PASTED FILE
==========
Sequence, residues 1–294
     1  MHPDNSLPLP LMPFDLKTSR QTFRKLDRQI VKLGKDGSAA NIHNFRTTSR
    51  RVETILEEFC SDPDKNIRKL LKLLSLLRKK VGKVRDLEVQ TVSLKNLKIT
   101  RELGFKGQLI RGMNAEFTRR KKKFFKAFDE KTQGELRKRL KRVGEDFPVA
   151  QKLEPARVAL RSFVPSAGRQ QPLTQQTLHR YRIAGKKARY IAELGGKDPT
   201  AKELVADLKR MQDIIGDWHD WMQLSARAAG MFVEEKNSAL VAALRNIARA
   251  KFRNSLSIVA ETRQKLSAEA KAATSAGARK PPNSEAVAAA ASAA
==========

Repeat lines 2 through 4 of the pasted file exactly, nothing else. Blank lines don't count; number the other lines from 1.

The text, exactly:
     1  MHPDNSLPLP LMPFDLKTSR QTFRKLDRQI VKLGKDGSAA NIHNFRTTSR
    51  RVETILEEFC SDPDKNIRKL LKLLSLLRKK VGKVRDLEVQ TVSLKNLKIT
   101  RELGFKGQLI RGMNAEFTRR KKKFFKAFDE KTQGELRKRL KRVGEDFPVA